There are those who embrace the occupation or calling for which they are best known every single day. There are others who do what they love outside of the public eye. Many pursue daily work in order to afford to follow their true passion. The secret is to not give up your dream. You are destined to make a difference.
Today is International Women's Day 2019. The theme this year is #BalanceforBetter. It's time for a more gender-balanced world with, for one, notice given to the achievements of women. Hedy Lamarr's Double Life: Hollywood Legend and Brilliant Inventor (Sterling Children's Books, February 5, 2019) written by Laurie Wallmark with illustrations by Katy Wu celebrates the life of an exceptional woman.
Hedy Lamarr led a double life. The public knew here as a glamorous movie star, famous throughout the world. But in private Hedy was a brilliant inventor, a fact known only to her closest friends.
Do you know Hedy Lamarr is responsible for inventing a form of technology which keeps electronic devices, like phones and computers, less susceptible to hacking? Most people familiar with this woman know she became a big hit on the silver screen with the release of Algiers in 1938. Most people familiar with this woman do not know she took the parlor in her home, repurposing its use. In this space she designed a workshop for an inventor.
Growing up in Vienna, Austria Hedy often conversed with her father about their shared interests in science. Hedy wanted to know why things worked as they did. Fascination with motion pictures and performing became a huge interest. She wanted to be in movies. Every opportunity, no matter how small, was taken by Hedy to perfect her acting skills.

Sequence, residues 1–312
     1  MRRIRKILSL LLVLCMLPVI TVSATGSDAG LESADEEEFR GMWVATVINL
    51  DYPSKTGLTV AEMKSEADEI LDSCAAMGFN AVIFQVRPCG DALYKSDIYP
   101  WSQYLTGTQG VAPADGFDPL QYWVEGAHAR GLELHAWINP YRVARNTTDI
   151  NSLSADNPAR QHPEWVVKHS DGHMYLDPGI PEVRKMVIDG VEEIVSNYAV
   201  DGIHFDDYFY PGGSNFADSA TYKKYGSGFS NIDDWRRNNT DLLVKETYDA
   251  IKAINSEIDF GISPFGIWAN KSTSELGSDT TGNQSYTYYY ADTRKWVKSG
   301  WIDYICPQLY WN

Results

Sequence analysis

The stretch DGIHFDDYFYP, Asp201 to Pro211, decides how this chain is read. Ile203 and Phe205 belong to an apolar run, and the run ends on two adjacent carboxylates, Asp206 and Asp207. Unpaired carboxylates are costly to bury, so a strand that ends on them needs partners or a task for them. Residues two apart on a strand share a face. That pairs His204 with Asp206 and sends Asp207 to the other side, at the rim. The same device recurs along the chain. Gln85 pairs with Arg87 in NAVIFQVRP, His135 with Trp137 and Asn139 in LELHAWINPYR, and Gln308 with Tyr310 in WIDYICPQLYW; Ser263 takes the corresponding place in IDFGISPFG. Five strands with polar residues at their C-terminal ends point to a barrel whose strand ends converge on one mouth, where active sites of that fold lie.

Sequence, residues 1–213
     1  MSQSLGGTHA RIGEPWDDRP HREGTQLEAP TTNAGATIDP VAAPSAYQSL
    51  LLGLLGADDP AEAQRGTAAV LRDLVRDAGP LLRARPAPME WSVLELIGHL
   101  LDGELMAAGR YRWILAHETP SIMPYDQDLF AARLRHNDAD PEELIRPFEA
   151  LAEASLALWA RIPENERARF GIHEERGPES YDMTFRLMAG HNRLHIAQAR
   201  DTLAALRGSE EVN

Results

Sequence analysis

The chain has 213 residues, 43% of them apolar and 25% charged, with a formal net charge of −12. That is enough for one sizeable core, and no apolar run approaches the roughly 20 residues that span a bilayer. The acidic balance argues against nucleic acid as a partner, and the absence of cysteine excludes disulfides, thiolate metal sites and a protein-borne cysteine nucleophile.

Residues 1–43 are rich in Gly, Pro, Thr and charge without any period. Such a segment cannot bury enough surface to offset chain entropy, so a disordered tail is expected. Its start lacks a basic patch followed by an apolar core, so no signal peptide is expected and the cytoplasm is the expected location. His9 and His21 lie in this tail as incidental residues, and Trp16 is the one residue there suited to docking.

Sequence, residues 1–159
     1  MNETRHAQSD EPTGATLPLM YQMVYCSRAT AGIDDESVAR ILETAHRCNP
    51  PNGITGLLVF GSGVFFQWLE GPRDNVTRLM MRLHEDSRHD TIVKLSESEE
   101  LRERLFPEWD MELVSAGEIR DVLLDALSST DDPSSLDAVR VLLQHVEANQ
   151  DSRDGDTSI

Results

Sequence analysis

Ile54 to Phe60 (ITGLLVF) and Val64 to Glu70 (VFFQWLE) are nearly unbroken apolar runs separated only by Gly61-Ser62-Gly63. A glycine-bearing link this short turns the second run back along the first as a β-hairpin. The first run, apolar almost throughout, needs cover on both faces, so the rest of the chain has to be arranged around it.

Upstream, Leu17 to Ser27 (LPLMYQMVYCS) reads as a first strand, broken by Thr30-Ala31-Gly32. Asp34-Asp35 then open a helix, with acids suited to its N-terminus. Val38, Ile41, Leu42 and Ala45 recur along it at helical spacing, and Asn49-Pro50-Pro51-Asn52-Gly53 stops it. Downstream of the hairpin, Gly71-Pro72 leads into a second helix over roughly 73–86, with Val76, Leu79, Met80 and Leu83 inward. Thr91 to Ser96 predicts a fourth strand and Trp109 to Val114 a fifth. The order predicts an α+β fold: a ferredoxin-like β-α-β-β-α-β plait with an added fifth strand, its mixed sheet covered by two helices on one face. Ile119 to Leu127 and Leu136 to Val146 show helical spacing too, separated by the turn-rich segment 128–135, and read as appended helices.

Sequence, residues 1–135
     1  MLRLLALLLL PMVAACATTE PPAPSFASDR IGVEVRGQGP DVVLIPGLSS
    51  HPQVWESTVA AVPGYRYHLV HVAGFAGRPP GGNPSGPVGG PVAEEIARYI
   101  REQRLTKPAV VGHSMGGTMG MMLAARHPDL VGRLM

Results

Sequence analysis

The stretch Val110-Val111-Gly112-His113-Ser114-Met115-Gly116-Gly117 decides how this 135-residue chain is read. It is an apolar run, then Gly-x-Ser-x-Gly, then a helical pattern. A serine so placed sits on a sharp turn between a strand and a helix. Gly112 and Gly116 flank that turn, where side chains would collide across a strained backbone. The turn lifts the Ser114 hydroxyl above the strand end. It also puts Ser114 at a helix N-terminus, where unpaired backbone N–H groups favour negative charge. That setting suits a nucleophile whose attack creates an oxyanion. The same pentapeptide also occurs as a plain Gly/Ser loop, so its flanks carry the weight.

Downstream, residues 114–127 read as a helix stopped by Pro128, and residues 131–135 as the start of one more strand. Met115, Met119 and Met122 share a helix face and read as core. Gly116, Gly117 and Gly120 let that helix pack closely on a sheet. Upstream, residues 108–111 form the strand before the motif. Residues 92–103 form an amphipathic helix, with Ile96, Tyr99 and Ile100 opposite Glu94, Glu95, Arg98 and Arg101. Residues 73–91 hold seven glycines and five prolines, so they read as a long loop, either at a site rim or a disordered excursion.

Before she knew it, a Hollywood producer recognized her talent when she was performing in a play. She was twenty-five when she starred in Algiers opposite Charles Boyer. She shared the screen with other greats like
Angela Lansbury, Jimmy Stewart, Judy Garland, and Clark Gable.
Movies were important to a public caught in the terror of World War II.
During this time period, at a social outing, Hedy met George Antheil. He, like Hedy, was a man of dual talents. During a conversation, they discussed problems with guidance systems, torpedoes and ships. A game with piano playing between the duo lead to a major new ingenious design. Their creative minds and talents through months of work lead to the receipt of a United States patent. Hopeful this would assist the Navy, the duo was not expecting its reception. Time and circumstances were against them until forty years later. More than ten years after this, fifty plus years after the patent, the world saluted their efforts.
What readers will appreciate about the writing of Laurie Wallmark is the impeccable manner in which she shifts from one time period in Hedy Lamarr's life to another. She begins by highlighting her success as a film star and her passion for inventing. She answers questions we may have at how she arrived at these points by taking us back in the past and working forward.
Her meticulous research is evident in the specific details she offers along with more than eighteen quotes of Hedy's beliefs supporting a particular portion of the narrative. Laurie Wallmark not only tells us of Hedy's major invention but explains the thought process begin this form of communication. Here are two passages with a quote.
Cameras flashed. The glamorous movie star stepped out of her limousine and onto the red carpet. Everyone who was anyone in Hollywood was there. The star-studded premiere of her first English-language movie, Algiers, was the social event of 1938.